Dynasty Warriors 8: Xtreme Legends Review | MOUSE n JOYPAD

Dynasty Warriors 8 Xtreme Legends Complete Edition 0 Cinema 1280 0

Dynasty Warriors 8: Xtreme Legends

Complete Edition Review



It has happened. The fabled Dynasty Warriors series has finally reached Steam and sits happily at the Top Sellers page for quite a while now. No wonder, since it has garnered a fanatic following (that may or may not include yours truly) since its reimagining back when DW3 was introduced. It has a very specific story, characters and gameplay that have no real competitors on the market. Of course, it’s also an acquired taste, and there’s a good chance some people will just scoff at the ridiculousness that is the Dynasty Warriors franchise.

As with any coin you might or might not have seen, this one has two sides to take notice of. One half makes up the whole gamey part, while the other one marks what is the technical side of things.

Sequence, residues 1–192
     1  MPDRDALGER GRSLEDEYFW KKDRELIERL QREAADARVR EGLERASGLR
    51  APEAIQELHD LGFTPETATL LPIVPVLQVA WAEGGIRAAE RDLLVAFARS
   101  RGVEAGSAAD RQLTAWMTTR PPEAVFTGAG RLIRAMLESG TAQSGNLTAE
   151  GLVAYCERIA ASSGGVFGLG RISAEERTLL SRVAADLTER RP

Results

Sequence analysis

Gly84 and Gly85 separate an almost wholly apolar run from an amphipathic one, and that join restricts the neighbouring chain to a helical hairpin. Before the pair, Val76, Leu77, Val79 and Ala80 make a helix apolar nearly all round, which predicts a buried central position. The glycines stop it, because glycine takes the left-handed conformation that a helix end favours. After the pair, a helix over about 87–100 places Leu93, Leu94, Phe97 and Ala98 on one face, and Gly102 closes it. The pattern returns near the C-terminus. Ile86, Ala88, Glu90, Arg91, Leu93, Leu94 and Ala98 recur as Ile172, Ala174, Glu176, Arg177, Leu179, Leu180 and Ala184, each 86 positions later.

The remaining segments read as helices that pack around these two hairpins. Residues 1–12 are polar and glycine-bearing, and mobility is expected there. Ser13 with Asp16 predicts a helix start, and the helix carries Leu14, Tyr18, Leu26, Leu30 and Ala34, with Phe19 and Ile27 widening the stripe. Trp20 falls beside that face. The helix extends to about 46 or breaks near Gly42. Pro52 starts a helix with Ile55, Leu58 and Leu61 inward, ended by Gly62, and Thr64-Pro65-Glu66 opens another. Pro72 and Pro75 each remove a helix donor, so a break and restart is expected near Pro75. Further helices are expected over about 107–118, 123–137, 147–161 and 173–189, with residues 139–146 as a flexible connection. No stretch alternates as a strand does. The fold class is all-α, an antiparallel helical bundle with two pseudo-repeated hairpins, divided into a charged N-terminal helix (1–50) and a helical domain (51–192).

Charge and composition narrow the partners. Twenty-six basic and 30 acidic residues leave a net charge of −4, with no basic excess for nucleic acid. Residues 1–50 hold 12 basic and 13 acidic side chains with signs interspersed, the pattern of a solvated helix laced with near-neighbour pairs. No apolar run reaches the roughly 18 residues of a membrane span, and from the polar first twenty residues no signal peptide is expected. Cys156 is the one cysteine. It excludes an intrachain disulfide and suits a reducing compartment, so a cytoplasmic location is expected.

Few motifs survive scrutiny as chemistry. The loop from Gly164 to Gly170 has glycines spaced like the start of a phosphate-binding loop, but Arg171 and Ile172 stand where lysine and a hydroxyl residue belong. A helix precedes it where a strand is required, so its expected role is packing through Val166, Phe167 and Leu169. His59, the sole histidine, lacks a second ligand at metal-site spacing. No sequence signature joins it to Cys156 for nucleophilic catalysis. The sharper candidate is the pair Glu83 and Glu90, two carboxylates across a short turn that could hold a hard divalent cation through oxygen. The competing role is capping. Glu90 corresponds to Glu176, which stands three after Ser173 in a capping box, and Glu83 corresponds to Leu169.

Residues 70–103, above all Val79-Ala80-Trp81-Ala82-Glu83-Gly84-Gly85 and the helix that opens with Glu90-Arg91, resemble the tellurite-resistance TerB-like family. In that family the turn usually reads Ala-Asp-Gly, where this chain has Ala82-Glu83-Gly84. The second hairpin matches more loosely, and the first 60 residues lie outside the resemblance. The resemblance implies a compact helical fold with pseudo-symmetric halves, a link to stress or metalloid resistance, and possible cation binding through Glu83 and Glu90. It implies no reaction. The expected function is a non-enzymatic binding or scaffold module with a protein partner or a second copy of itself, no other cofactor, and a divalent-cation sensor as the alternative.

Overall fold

If you’re well versed in how Dynasty Warriors plays out, you will be very pleased with what’s going on here. The game has a whole bunch of game modes that, while not being inherently different one from another, offer a couple of very interesting takes on the whole DW mythology and gameplay. Of course, there’s the original story mode that takes your warriors of choice for a spin against pre-determined armies and commanders. It’s pretty good, but not especially interesting, and will serve as a fine introductory campaign to the game, but not much else. Challenge mode places you into the boots of a stock character (without custom weapons, skills, animals and such) and gives you an arcade-like challenge to complete. Finishing these can yield unique weapons that are otherwise unobtainable, thus giving incentive to play it. The game also boasts a   mode that allows the players to set their own gameplay parameters and play as they see fit. Feel like controlling Cao Cao armed with a katana and a weaponized rake hunting Lu Bu across the land? Sure, why not. Add a purple grizzly bear as a combat pet to the mix. DW8 also allows every character to use any weapon you might have in your mode-persistent arsenal. As cool as this might sound, there’s only a single moveset connected to every available weapon. What this means is that if a female character by default uses, say, a metal whip to destroy her adversaries, your Xiahou Dun will use it in the exact same way should you equip it on him. That’s the stuff of nightmares right there. After prancing around (read: murdering half a dozen men with a single sword slash) in the Free Mode, you will want to take a look at the brand new Ambition mode, which is what’s probably going to interest everybody the most. This game mode allows you to build a base, form kinship, gain allies and kick ass across the country, all the while retaining any character progress you might have gained while playing in other modes.